About 1 million cardiac catheterizations (or caths) are performed in the United States every year. It’s a common procedure, but only a few steps short of surgery – it involves threading a long tube from outside the body through an artery in the leg and into the coronary arteries that supply blood to the heart. A contrast agent is injected and visualized using X-rays to see whether there are atherosclerotic plaques that are obstructing blood flow. This information is used to decide on further treatment, such as placing stents in the arteries or performing bypass surgery. About 50% of those caths, however, turn up negative results for obstructive coronary artery disease, so there was no need to have the cath procedure. Because of this, there’s a real need for a noninvasive but accurate way of screening for those people who actually should have the cath procedure performed – a need that can be fulfilled using 3D imaging technology and computational fluid dynamics.

Samady & Veneziani photo

Deborah Bruner; Habib Samady & Alessandro Veneziani; Raj Guddneppanavar

Don P. Giddens, PhD is the former dean of the College of Engineering at Georgia Tech and COO of Covanos, Inc., a start-up company that grew out of Emory research. He’s an expert in the fields of fluid dynamics and biomechanics – two fields that find their natural intersection in our circulatory system. Along with Emory cardiologist Habib Samady, MD and mathematics and computer science professor Alessandro Veneziani, PhD, the Covanos team recognized the need for a sea change in the way cardiac diseases were detected and set their interdisciplinary knowledge to the task.

CT scans have been a mainstay of medical imaging since the 1970s. By using X-rays to fire energy beams from many different angles, computers can receive and transform signals into three-dimensional images that doctors can use to diagnose disease. But it takes sensitive equipment and a lot of computing power to generate accurate pictures of spaces the size of the blood vessels in your heart. And images of the arteries alone don’t tell the whole story, and that’s where the fluid dynamics comes in – the images generated by CT scans form models for computing blood flow characteristics with mathematics similar to that used in aerospace engineering. A related technology has been approved by the FDA – but those systems don’t deliver services at the point of care for patients and also require supercomputers. To overcome those hurdles, Covanos optimized the relevant calculations to create a technology that can deliver results to the physician in less than an hour when used by a trained CT technician.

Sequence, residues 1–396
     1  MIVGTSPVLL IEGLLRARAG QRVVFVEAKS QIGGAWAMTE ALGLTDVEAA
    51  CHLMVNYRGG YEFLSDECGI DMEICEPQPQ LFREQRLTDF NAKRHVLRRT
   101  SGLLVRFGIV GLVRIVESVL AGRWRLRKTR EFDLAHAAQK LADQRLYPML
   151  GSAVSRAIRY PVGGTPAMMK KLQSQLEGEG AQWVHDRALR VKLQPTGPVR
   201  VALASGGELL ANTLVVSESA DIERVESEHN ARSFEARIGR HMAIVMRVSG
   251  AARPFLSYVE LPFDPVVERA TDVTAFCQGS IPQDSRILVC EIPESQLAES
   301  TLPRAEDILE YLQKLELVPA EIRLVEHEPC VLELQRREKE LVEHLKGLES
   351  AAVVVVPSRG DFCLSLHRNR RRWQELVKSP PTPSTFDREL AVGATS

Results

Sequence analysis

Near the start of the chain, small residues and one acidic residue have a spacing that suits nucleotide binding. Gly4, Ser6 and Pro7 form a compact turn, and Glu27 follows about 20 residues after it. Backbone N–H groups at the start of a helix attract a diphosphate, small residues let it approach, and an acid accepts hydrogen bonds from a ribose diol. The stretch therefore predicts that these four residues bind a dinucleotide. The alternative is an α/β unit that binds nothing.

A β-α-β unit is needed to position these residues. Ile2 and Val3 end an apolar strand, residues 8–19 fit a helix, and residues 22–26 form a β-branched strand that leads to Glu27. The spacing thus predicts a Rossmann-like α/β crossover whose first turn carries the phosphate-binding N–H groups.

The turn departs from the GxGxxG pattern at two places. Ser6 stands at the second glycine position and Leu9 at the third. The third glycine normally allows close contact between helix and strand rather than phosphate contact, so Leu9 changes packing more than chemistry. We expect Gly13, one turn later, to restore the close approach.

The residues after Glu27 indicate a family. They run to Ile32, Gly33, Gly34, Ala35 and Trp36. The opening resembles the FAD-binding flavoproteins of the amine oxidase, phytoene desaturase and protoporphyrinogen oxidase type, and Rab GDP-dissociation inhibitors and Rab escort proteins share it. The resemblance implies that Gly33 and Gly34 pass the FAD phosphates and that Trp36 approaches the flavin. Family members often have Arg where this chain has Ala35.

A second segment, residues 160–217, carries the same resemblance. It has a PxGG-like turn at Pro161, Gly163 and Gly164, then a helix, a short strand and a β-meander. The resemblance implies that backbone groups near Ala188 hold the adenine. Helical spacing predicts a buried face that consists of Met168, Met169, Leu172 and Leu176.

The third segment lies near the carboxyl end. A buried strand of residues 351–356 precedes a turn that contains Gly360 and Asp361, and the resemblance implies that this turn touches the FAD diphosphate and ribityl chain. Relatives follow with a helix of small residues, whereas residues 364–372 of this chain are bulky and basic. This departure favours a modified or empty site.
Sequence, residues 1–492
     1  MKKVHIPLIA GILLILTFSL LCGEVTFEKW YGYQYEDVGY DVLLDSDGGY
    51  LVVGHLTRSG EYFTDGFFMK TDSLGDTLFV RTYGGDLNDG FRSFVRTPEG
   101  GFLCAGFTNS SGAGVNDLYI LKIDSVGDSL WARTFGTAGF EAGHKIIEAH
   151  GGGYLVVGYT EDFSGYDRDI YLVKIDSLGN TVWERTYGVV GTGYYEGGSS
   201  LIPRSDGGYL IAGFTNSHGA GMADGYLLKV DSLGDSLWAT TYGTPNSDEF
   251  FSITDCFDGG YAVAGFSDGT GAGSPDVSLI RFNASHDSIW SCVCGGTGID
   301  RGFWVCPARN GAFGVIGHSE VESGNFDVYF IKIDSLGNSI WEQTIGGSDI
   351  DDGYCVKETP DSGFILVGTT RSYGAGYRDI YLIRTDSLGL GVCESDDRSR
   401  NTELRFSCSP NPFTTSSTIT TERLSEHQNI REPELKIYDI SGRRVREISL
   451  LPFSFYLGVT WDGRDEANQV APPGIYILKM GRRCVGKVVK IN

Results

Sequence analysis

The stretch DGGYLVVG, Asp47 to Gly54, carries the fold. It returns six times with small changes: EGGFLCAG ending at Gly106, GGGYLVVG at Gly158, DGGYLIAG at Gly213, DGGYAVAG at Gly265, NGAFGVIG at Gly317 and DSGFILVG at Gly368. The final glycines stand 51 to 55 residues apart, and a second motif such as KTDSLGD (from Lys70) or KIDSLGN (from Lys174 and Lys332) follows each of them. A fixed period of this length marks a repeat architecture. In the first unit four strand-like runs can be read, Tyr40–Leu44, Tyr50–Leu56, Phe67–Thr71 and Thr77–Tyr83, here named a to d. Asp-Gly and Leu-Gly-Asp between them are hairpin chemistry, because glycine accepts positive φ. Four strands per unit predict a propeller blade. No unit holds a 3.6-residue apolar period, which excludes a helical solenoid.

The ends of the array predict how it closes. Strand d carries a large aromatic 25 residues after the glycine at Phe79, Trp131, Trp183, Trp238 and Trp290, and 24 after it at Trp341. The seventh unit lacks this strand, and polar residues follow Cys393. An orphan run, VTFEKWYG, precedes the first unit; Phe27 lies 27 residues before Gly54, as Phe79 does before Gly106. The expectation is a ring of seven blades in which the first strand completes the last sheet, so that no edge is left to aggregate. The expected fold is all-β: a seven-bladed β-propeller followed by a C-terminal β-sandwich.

The initial Proof-of-Concept grant the Covanos team received from Emory’s Office of Technology Transfer allowed them to test their central question: can we make those computations faster?

“Our first test,” said Giddens, “was to see if we could simplify [the mathematics] without sacrificing accuracy … and that was successful.”

The information received from the CT scans allows for the calculation of a patient’s BFPi, or blood flow physiology indices – a set of metrics doctors use to determine whether a patient’s blood flow is healthy. Thanks to Covanos’ work, these programs can now “do the calculations in less than an hour on a laptop or desktop computer, by comparison to many hours on a supercomputer.”

Giddens credits the OTT for helping Covanos build important relationships among new partners and for helping to file patents for the technology. Recently, the OTT awarded Covanos its 2018 Deal of the Year Award after Emory entered into a licensing agreement for their software. With further support from the Coulter Foundation and the Georgia Research Alliance, Covanos has since expanded its team of innovators, moving closer to developing a product that could significantly improve the quality of cardiac care.

Read more about CorAmi and Covanos on their websites.